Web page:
CHIP holds its first meetings at the Queen Elizabeth Hospital, developing a charter and bylaws, electing an executive board, and securing their first operating grant.
Hear Entendre Québec was founded in 1979. It all started when Alvin Goldman and several other clients from the Audiology department of the Queen Elizabeth Hospital received a letter from their audiologist, Dale Bonnycastle, inviting them to discuss the possibility of forming a self-help group for hard-of-hearing persons. Dale Bonnycastle (image on right) an audiologist at the Queen Elizabeth Hospital, felt that the services offered to hearing impaired people were lacking, that administering hearing tests alone was clearly not enough, and the psychosocial aspects of hearing loss were not properly addressed.
With assistance and input from Joan Westland, the executive director of the Association of Hearing Impaired Adults, and Marilyn French St. George, audiologist and teacher at the McGill University School of Human Communication Disorders, a plan was put together to form a group for adults with acquired hearing loss that would focus on self help, sharing difficulties and finding constructive solutions.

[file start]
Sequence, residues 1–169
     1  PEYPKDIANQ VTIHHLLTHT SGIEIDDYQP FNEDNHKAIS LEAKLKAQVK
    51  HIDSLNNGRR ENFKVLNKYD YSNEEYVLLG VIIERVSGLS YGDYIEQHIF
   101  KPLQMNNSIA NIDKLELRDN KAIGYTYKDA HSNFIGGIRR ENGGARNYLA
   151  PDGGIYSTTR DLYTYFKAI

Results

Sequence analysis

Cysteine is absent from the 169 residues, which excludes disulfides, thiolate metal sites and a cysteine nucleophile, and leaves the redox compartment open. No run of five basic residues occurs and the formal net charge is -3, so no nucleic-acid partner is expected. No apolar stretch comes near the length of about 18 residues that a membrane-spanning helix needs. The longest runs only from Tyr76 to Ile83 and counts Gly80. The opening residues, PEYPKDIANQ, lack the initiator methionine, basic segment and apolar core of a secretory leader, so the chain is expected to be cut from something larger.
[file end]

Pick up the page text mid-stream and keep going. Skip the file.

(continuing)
It was with these issues in mind that 14 people gathered for a first meeting in mid-October 1979, ready to devote their time and energy to the English-speaking hard-of-hearing community. Dale Bonnycastle, Alvin Goldman, Ed Plover and Lily Bernstein were the first active members who formed Hear Entendre Québec’s team. They quickly devised numerous ideas and plans, including programs and workshops, as well as the much-appreciated biannual magazine, The Communicaider.
The first program, named “Aural Rehabilitation,” later developed into the HEAR program. It included workshops on topics such as the anatomy of the ear, communication strategies, phonetics and acoustics (later known as the very popular Speechreading workshop), emotional issues related to hearing loss, hearing aids and devices (later known as the ALD program), and coping with stress. These topics and concerns still remain vital to Hear Entendre Québec today.
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